By Kate Ker
This story is about unthought history, about lies in textbooks, and about feminism. Recently I had to submit an Assignment for one of my Communication courses. I had to write an essay about most exciting and important PR case in the history. For that essay, I was ready to write about famous public relations (PR) professional, father of modern PR, Edward L. Bernays. But during my research, I’ve changed my mind, because I found a shocking fact about him. I was shocked to discover information about a person who helped him to succeed – his wife, equal business partner, speech writer, and great PR professional, Doris Fleischman. So I made a decision to write essay about very strong and inspiring woman, especially because her story is unknown to many PR students. Surprisingly, all my textbooks for communication courses have zero information about her. Instead, in each textbook we only read about her famous husband. But clearly, some of Fleischman’s accomplishments were even greater than her husband’s.
Doris created and implemented many PR campaigns for her husband, and basically she was his personal PR strategist. She helped to develop his name as a brand, and their agency became one of the best in USA. Doris was an active feminist, who fought for women’s rights and social changes. She was a very first woman, who succeed in PR, and made it possible for many future generations of women to enter this industry. The case that impressed me the most, is the fact that in 1922 Doris Fleischman signed a marriage license with her maiden name. And soon, she checked-in into the Waldorf Astoria New York hotel together with her husband, but by using her maiden name. At that time, it was a revolutionary case, and the very next day after this happened, all major headlines in the newspapers were about Doris. She was also a first woman in the United States, who held a passport issued with her maiden name. This PR campaign helped to attract national attention to women’s equality, and to re-consider views on marriage and partnership. By doing this, Doris Fleighman took a risk, but it led to success, and this campaign gained attention that she wanted.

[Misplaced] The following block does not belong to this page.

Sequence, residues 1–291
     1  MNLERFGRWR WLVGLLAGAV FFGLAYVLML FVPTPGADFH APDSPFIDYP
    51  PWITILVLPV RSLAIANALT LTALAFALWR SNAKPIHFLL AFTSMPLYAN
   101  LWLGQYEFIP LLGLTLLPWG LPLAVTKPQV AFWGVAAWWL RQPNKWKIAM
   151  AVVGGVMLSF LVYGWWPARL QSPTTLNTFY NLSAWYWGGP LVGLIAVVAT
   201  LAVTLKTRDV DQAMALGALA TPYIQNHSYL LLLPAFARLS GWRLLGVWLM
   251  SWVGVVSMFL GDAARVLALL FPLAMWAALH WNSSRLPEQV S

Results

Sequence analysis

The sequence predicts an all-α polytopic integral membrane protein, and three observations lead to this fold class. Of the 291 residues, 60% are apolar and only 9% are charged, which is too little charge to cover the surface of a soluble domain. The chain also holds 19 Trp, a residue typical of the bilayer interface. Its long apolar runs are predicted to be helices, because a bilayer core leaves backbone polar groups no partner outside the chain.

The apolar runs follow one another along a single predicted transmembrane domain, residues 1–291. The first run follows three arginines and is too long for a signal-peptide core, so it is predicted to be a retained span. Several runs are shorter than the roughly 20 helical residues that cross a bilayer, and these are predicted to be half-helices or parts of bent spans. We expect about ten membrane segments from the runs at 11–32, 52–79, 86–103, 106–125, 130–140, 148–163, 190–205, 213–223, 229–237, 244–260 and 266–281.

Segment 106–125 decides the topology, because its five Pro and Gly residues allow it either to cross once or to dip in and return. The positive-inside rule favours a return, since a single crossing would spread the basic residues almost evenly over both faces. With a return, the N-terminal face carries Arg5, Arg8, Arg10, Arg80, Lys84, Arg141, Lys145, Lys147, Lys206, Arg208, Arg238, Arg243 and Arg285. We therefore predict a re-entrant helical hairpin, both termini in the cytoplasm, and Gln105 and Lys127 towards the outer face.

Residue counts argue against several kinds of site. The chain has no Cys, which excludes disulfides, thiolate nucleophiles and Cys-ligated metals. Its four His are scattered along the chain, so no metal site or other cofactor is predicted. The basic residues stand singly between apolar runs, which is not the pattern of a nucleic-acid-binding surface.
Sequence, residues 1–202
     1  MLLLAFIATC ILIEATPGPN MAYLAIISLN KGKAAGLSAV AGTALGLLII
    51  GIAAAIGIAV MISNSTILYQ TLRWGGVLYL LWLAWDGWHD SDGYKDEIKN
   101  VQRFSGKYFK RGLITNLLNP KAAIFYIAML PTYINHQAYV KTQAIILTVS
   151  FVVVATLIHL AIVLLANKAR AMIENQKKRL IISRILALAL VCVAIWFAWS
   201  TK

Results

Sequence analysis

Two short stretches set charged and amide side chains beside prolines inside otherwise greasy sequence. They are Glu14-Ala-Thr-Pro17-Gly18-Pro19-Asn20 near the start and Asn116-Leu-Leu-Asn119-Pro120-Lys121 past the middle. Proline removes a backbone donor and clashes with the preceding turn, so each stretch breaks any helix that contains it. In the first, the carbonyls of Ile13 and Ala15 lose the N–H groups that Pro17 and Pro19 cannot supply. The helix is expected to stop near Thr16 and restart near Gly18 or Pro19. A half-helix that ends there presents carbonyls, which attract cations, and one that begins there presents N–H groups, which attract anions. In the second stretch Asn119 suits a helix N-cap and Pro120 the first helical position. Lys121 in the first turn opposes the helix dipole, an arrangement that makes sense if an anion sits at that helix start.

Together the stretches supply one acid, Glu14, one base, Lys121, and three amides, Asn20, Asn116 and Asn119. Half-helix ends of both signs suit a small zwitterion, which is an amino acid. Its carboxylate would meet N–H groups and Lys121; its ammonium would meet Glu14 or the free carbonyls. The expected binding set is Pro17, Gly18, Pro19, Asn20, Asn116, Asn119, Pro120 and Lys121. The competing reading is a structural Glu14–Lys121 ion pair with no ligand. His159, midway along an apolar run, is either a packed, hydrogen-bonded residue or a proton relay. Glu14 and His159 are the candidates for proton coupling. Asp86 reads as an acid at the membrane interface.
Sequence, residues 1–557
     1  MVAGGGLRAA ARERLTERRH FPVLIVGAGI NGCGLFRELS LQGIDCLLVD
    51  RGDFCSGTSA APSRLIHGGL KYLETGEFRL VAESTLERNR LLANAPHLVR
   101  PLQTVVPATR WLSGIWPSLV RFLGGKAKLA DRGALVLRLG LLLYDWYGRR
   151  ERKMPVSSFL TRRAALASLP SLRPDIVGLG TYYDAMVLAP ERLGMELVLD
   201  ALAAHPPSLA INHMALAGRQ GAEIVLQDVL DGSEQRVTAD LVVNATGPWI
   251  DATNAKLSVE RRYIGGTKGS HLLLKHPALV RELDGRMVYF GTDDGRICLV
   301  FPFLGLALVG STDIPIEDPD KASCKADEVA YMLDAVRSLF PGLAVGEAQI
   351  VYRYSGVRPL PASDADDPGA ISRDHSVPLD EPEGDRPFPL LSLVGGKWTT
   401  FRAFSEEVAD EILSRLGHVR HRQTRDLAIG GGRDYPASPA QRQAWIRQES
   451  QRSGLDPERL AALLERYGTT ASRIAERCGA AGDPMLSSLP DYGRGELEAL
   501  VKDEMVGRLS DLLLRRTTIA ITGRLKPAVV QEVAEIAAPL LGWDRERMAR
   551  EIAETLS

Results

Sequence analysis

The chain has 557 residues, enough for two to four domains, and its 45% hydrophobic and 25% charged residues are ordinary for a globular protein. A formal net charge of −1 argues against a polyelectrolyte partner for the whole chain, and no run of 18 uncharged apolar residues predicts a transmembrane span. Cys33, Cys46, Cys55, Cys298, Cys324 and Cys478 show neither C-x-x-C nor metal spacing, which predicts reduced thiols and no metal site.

Gender equality is one of the most important issues even for a modern society. We still learn about ways to protect our rights, to get equal pay, to get equal recognition, and ways to attract attention to problems that women are facing each day by performing “double shifts”. And in 20th century Doris Fleischman did a revolutionary step in this fight for women’s rights, and this should inspire our generation, especially women aspiring a career in PR.
Henry, S. (1988). In Her Own Name? Public Relations Pioneer Doris Fleischman Bernays. Retrieved from http://www.eric.ed.gov/
Shroeder, A. (2015). Pioneer in Public Relations: Doris Fleischman. Retrieved from https://www.culpwrit.com/